Why do most Grant biographers ignore this damning episode, in early 1868, when General-in-Chief Grant tried to help depose his superior, President Andrew Johnson? [From Grant Under Fire, pg. 560]
In what may well have been the worst case of insubordination against a commander-in-chief in the nation’s history, the General-in-Chief actually lobbied certain senators to gain a conviction. Bolstering efforts to overthrow Johnson, Grant publicly forecast a threat to the country’s safety in the event of an acquittal. At a much later point, he related a cock-and-bull story about how “he had proof of the President’s plan to revolutionize the government but withheld it for fear of initiating violence.” Meanwhile, he pretended that his opinion on impeachment was merely a private affair. Despite Grant’s conspiring with the Radicals, the proceedings, managed by Thaddeus Stevens, Benjamin Butler, John Logan, and George Boutwell, among others, ended with Johnson’s acquittal by a single vote in the Senate. Grant was accused of being driven more by “personal malice” against Johnson than concern for the country’s welfare. Topping off this sorry episode, he refused to ride to his own inauguration with the outgoing president, as had been customary, or even to let their children play together. Nominated for president, Grant headed out west on June 30th for a long vacation.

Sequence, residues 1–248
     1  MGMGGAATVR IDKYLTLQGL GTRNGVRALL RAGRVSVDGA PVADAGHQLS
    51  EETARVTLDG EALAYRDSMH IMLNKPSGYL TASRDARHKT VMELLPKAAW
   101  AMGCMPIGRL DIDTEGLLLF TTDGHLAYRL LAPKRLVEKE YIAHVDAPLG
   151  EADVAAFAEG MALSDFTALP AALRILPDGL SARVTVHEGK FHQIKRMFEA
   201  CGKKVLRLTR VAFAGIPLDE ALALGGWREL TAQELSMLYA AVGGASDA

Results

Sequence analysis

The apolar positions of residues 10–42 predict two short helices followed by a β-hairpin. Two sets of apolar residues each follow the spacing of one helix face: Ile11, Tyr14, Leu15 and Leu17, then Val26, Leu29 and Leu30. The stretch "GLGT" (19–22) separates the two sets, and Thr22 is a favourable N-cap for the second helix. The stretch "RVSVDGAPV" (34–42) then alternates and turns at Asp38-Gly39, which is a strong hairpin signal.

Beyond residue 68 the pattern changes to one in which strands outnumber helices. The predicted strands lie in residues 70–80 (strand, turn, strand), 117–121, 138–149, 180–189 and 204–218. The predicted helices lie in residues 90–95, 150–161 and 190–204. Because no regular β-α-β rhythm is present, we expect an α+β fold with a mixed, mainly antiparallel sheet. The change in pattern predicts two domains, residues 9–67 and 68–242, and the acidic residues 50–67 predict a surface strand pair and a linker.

Cites: Chicago Tribune, April 4, 1868; N.Y. Times, April 4 and May 15, 1868; N.Y. Times, October 23, 1885; Hartford Courant, April 9 and May 16, 1868; Huntingdon (Penn.) Globe, May 20, 1868; Nelson Cross, The Life of General Grant: His Political Record, etc. (New York: J.S. Redfield, 1872), 37; N.Y. Herald, October 21, 22, and 24, 1885; Badeau, Grant in Peace, 136; Hunt, Israel, Elihu, and Cadwallader Washburn, 236.